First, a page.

When news came out in November that the U.S. Senate Banking Committee had filed a bipartisan bill that would scale back large portions of the Dodd-Frank Act, the banking community cheered.
Advocacy groups praised the bill and community banks – companies that have for years said they had very little to do with the financial crisis – breathed a sigh of relief after incurring costs to keep up with the regulation.
But for those banks and institutions in Massachusetts flirting with or exceeding $10 billion in assets, the cheers were likely to be subdued.
Among may other provisions, Dodd-Frank raised capital ratios, eliminated proprietary trading (the Volcker rule), further regulated derivatives, created the Consumer Financial Protection Bureau and, most relevant to many community banks in Massachusetts, implemented stress testing for banks that reach $10 billion in assets.
Notably, the proposed reform, called the Economic Growth, Regulatory Relief and Consumer Protection Act, would end stress testing entirely for banks with under $100 billion in assets.
In Massachusetts, Eastern Bank, at $10.7 billion in assets, and Berkshire Bank, now up around $11.5 billion in assets, only crossed $10 billion in 2017; Berkshire didn’t until the second half of the year, by which time it had already spent the time setting up the new regulatory infrastructure and incurring associated expenses for stress testing.
“We have been planning for the requirements of surpassing $10 billion in assets for close to three years. While the prospects for regulatory reform remain uncertain, the current bill would likely provide marginal benefit for Eastern,” Steve Antonakes, chief compliance officer at Eastern Bank and the former number two at the Consumer Financial Protection Bureau, told me via email. “The opportunity that would be missed is to reconsider the appropriateness of the $10 billion threshold as a definition for large banks. Absent any indexing or risk consideration, this figure becomes less relevant with every passing year, but will continue to be enshrined in Dodd-Frank and possibly new legislation.”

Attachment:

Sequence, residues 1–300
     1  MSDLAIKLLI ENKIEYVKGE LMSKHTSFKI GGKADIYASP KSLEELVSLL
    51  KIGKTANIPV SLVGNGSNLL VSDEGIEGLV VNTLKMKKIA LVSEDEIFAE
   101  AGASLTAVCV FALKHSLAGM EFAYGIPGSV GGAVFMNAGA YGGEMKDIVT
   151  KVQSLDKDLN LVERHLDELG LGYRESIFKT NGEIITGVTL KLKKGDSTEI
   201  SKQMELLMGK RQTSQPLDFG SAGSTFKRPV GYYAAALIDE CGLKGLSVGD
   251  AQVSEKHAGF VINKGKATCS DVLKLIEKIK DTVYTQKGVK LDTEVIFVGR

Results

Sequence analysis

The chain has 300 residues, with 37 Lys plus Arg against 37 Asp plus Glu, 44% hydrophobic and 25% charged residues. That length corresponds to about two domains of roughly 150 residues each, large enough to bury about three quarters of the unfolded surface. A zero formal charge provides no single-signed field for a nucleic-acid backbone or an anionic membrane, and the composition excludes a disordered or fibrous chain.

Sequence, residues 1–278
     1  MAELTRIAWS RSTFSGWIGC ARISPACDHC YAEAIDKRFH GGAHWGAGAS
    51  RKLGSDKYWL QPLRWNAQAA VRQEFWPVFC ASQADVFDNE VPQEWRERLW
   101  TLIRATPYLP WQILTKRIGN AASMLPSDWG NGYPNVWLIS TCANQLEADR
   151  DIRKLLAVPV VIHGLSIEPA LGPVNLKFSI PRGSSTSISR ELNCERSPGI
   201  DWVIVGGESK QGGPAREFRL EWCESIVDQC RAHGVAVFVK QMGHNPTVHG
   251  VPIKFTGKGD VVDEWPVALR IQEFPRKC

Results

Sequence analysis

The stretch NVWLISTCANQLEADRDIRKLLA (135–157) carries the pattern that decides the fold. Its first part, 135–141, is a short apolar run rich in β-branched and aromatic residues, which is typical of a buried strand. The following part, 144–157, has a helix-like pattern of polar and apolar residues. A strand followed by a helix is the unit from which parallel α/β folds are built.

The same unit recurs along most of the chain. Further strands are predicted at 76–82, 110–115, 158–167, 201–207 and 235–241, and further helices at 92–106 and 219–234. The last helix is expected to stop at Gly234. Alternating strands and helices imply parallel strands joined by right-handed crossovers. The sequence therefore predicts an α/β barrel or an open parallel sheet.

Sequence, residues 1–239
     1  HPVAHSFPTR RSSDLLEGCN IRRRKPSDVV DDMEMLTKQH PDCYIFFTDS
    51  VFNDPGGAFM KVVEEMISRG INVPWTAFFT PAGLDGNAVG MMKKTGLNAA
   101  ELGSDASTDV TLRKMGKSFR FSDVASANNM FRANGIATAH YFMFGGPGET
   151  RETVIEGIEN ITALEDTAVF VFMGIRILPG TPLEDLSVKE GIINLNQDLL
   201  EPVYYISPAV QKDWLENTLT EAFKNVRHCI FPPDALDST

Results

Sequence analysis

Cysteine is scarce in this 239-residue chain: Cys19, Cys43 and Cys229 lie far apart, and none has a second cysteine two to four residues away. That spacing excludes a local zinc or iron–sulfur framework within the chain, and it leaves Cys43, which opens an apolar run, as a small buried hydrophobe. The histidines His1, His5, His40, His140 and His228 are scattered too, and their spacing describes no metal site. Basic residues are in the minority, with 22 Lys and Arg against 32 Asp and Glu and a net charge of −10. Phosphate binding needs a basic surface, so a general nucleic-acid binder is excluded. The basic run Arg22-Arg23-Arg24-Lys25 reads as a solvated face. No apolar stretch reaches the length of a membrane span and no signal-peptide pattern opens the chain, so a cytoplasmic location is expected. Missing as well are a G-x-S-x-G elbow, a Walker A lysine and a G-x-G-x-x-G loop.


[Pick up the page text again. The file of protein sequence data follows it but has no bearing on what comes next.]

While it was difficult to estimate the costs that Eastern Bank incurred while preparing to cross the $10 billion threshold, it was a lot easier to find those costs for the publicly traded Berkshire Hills Bancorp, the holding company of Berkshire Bank.
According to the company’s most recent investor presentation, Berkshire has spent $5 million over the last three years to implement the regulatory framework, adding 40 people to its compliance and risk departments. The current expense run-rate as of Sept. 30 was for another half a million per year.
Berkshire and Eastern are not alone.
Three other financial institutions in Massachusetts – Rockland Trust, Boston Private and Digital Federal Credit Union – have surpassed $8 billion in assets and therefore have definitely had stress testing on their mind.
Independent Bank Corp., the holding company of Rockland Trust, has already been gradually incurring expenses to prepare for Dodd-Frank stress testing, CFO Robert Cozzone said in the company’s latest earnings report.
These community banks probably wished reform could have happened sooner, before they began beefing up staff and spending millions to set up a regulatory framework, parts of which they may never use. But even bipartisan legislation – a rarity in Congress these days – is no guarantee, so best be prepared for the worst.